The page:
Wakefield and women's ministry: CofE's reviewer finds against cathedral

How far should a cathedral committed to the equal ministry of men and women go in accommodating faithful Anglicans who don't agree? A report by the Church of England's independent reviewer into Wakefield Cathedral has concluded that it didn't go far enough – and the Bishop of Wakefield agrees.

The report by Sir William Fittall was initiated after a member of Wakefield's congregation, Dennis Belk, complained that the cathedral had ceased publicising in advance the names of those who were to celebrate Holy Communion. Belk, who does not believe women should be priests, relied on the information to know when he could take communion and said he had had three times to leave services when he found a women was to be the celebrant.

WikipediaWakefield Cathedral is considering its position after a CofE independent reviewer ruled against it.

The Church of England has set down 'Five Guiding Principles' on the ministry of women, one of which is that it remains committed to enabling those who do not accept women as priests or bishops to 'flourish within its life and structures'. In his letter to the then independent reviewer, Sir Philip Mawer, Belk said the decision by the cathedral's dean, Very Rev Simon Cowling, had made it 'almost impossible' for him to 'flourish' as a traditional Catholic. He said: 'I do not force my convictions on others, as I defend their right to rejoice in the ministry of women. I do not, however, deserve to be marginalised in this way.'

He had previously written to the dean saying the decision to omit the information 'causes me great distress' and suggesting the information be included on the weekly service sheet.

Cowling said in reply: 'Removing the names of those – male and female – who are to preside at a particular service helps to make the point that it is our offering of the Eucharist that is central, rather than the particular individual who is presiding.'

He added that 'all the clergy at the cathedral – male and female – will continue to offer you a warm welcome' and 'your prayerful presence at the Eucharist will be valued whether or not you feel able to receive communion'. Belk also wrote to the Bishop of Wakefield, Rt Rev Tony Robinson, appealing to the Five Guiding Principles and saying: 'I certainly do not think I will "flourish" by merely abstaining from receiving the sacrament on those occasions when a woman presides.'

Robinson replied that he understood and shared Belk's concern, saying: 'I therefore share your disappointment at the decision that has been taken at Wakefield Cathedral. Unfortunately the Dean and Chapter seem determined to carry on with the new practice.'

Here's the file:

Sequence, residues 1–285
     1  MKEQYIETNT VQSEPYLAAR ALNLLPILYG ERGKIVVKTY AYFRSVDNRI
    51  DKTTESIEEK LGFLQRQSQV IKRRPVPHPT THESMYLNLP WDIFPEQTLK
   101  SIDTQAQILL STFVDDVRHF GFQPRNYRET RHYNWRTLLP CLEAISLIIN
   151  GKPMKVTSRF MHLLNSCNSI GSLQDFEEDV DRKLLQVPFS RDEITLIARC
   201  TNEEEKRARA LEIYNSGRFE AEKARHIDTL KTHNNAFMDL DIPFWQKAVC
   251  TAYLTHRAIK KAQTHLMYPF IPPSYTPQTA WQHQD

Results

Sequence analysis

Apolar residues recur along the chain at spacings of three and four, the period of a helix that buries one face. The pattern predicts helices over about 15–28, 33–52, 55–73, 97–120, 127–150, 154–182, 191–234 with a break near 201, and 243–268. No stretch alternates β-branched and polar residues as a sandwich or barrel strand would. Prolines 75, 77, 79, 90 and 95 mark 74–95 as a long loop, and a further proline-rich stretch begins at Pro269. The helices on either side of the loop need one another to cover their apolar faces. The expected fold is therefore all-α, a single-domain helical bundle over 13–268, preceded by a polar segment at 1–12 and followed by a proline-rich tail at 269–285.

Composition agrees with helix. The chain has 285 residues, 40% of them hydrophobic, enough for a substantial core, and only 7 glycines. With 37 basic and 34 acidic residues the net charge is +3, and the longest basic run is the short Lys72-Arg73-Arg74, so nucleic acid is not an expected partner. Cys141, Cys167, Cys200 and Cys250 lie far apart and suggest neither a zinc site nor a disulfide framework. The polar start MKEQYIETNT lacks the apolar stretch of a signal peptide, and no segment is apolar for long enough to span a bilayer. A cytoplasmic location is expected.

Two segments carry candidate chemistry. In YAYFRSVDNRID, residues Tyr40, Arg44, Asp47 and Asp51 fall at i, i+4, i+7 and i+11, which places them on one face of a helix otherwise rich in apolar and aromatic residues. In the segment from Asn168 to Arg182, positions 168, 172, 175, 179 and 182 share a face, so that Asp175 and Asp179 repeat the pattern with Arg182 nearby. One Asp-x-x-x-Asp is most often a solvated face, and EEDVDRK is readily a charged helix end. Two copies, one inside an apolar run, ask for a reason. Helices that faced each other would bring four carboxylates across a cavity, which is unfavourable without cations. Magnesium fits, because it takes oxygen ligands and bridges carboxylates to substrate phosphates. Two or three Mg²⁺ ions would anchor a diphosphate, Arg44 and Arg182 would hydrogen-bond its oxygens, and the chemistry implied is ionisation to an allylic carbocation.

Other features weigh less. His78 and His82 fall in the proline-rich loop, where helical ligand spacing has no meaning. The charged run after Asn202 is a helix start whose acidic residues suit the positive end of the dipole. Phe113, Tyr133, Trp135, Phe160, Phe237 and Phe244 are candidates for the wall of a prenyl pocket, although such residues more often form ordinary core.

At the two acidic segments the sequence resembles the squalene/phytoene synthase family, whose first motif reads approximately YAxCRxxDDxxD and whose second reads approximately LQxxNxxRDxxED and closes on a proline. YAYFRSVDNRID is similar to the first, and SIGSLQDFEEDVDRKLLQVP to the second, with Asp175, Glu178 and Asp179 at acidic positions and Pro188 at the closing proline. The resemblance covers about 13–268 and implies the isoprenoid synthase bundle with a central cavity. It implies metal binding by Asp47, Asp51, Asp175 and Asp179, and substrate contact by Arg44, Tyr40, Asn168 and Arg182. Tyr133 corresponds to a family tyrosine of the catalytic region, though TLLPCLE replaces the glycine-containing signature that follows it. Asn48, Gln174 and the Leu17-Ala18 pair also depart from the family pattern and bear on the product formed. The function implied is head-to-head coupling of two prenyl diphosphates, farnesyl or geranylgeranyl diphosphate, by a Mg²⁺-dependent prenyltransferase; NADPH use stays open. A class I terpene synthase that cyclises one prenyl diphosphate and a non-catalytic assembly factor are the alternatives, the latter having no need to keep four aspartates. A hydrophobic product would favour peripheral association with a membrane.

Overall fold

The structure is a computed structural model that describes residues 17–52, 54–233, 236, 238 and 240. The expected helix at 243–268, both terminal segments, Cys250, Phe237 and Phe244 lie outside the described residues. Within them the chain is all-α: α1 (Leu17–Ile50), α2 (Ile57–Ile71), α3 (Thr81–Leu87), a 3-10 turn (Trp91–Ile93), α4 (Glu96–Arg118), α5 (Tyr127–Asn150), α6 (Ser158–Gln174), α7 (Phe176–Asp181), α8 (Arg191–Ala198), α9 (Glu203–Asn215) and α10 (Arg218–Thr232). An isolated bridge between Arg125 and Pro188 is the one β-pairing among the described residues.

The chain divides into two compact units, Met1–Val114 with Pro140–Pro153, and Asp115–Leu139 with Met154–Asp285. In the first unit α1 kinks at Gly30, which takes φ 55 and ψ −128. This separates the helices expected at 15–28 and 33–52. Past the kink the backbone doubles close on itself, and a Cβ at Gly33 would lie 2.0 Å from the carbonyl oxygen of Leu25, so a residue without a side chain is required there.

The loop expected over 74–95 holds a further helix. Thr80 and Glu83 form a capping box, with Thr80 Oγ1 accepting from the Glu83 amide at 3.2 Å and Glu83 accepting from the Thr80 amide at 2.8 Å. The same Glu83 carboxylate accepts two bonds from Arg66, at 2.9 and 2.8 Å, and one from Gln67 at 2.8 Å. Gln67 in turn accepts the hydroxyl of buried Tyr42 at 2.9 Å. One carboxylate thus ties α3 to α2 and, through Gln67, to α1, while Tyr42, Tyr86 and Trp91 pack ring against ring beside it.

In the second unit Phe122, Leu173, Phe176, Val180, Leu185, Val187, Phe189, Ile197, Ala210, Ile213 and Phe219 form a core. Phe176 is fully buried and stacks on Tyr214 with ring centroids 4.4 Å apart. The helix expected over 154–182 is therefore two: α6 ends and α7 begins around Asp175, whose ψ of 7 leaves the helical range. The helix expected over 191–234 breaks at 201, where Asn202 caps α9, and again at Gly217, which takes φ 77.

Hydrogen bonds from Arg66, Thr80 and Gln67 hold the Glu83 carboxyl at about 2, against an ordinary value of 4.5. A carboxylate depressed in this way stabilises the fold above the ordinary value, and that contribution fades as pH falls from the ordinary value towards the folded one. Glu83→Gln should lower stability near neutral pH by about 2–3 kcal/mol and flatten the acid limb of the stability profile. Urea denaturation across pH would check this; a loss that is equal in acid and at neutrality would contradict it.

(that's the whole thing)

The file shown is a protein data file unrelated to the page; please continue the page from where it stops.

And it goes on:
In his report released today, however, Fittall – Mawer's successor – has come down in favour of Belk and the bishop. After a careful analysis, he says cathedrals have a responsibility to 'contribute to the mutual flourishing of both the majority and the minority', adding: 'The problem is that the foreseeable effect of the policy is precisely to increase the greater separation that the Dean says that he wishes to avoid.' It was 'asking too much' of someone in Belk's position to turn up to a communion service without knowing whether or not he would be able to receive.

While Fittall has no authority to compel the cathedral to publish names in advance, he said they should be 'supplied with a good grace' to anyone who asks for them. 'Reciprocity and mutuality mean that the majority and minority need to avoid putting stumbling blocks in the way of each other or giving offence,' he concludes.

Forward in FaithRt Rev Tony Robinson, Bishop of Wakefield.

His report was welcomed by traditionalist Anglican group Forward in Faith – whose chairman is the Bishop of Wakefield.

It said in a statement: 'As Sir William says, "The Church of England... has committed itself to enabling the minority to flourish within its life and structures. Denying brothers and sisters in the Body of Christ information which is not intrinsically confidential and which they need in order to act consistently with their theological conviction tends to undermine that commitment."

'A generous and Christ-like approach would be to go the extra mile and make such information available without waiting to be asked. That would help to make Wakefield Cathedral a truly inclusive church.'

Robinson told Christian Today: 'I hope the cathedral will go along with these recommendations.' He added: 'It is mainly about being generous.'

Cowling told Christian Today: 'I am grateful to Sir William for the time and care he has taken over his report. I shall be reflecting on his conclusions with colleagues on Chapter.'

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